It looks like we’ll have a baseball season this year. Why are there so many good baseball books? I don’t know of any other sport who produces as many good writers as baseball. In anticipation of the season, I listened to Robert Creamer’s Baseball in ’41, which I’m reviewing below. I’m also attaching a review of another baseball book I read several years ago by the famed Presidential historian, Doris Kearns Goodwin. And, for those who want to ponder baseball and religion, here’s a link to my review of Baseball as a Road to God, written by John Sexton.
Robert W. Creamer, Baseball in ’41: A Celebration of the Best Baseball Season Ever in the Year America Went to War
(1991: Audible 2005) Read by Tom Parker. 8 hours 46 minutes.
This book is part memoir, part baseball history, and part history of America on the eve of World War II. The author, Robert Creamer, was a nineteenth-year college student between his two “first years” of college (he admits having to redo his freshman year). While war talk is in the air, the great advances of the German army of ’39 and ’40 seemed stalled after they had conquered Western Europe. That would change late in the summer when German attacked the Soviet Union. America was trying to stay neutral while arming Great Britain. And it was the year that a young Ted Williams hit .406 and Joe DiMaggio hit in 56 concessive games.
The draft of young men for the military resumed. Draftees had a year enlistment. Some in baseball made the case for those drafted (it wasn’t a large draft in ’41), to join so that they would only miss one season instead of straddling two seasons. The draft included one of baseball’s all-time great players, Detroit’s Hank Greenburg. He entered the military with much fanfare and missed the season. At the end of the year, he had fulfilled his commitment and released from duty two days before Pearl Harbor. He would rejoin the military two days later. Greenburg missed four and a half seasons at the peak of his career, which probably is why he is not as well-known as other players of the era or before.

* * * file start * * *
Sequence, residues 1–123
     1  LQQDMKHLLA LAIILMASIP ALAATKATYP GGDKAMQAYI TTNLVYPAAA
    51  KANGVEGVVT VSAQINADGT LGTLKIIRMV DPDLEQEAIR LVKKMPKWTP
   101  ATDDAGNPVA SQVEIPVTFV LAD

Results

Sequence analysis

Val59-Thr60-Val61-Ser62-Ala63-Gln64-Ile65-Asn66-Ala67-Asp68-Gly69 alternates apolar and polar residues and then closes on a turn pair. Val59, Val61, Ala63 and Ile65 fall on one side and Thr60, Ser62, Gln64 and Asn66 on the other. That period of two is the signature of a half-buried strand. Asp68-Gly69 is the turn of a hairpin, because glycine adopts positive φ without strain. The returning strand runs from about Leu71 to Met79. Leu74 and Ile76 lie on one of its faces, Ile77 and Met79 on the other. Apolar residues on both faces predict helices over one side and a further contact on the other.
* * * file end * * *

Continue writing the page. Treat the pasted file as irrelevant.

While no one was sure when the United States would join the war, many felt it just a matter of time. This summer, one major league game paused as President Roosevelt addressed the nation about the need to be prepared. His address played over the stadium’s PA system, after which the game resumed. Of course, the next year things would change after Pearl Harbor. Many of baseball greats either joined or found themselves drafted into the military. ’41 was the last year in which the majors consisted of most of its big names. Even Williams and DiMaggio went off to war.
In 1941, the Yankees redeemed themselves from their failure of the year before. They faced some challenges early in the season, especially from Cleveland and their ace, Bobbie Feller (later known as Bob Feller). But the Yankees won the pennant earlier than ever. Instead, the America League excitement came from Williams and DiMaggio’s hitting. In the National League, the St. Louis Cardinals and the Brooklyn Dodgers remained in a head-to-head race throughout the season. The National League pennant was decided in the closing days of the season. St. Louis with their extensive farm teams could call up new players when others were hurt, something they dealt with a lot in ’41. Leo Durocher’s Dodgers, a historically second division team (the bottom 4 teams of an 8-team league), were finally playing well and no longer worthy of their nickname, “the bums.” However, in the World Series, the Yankees easily beat the Dodgers in five games.
As he weaves in throughout the book, 1941 was not only a season of change for baseball. The author went through a change as his older brother signed up for the Army Air Corp. The next year, he, too, would be in the military. He would later become a correspondent for Sport’s Illustrated and go on to write many baseball books including biographies of Babe Ruth and Casey Stengel. Creamer claimed to be a Yankee fan in ’41, and it seems that his interest in baseball continued to follow that path.
Doris Kearns Goodwin, Wait Till Next Year: A Memoir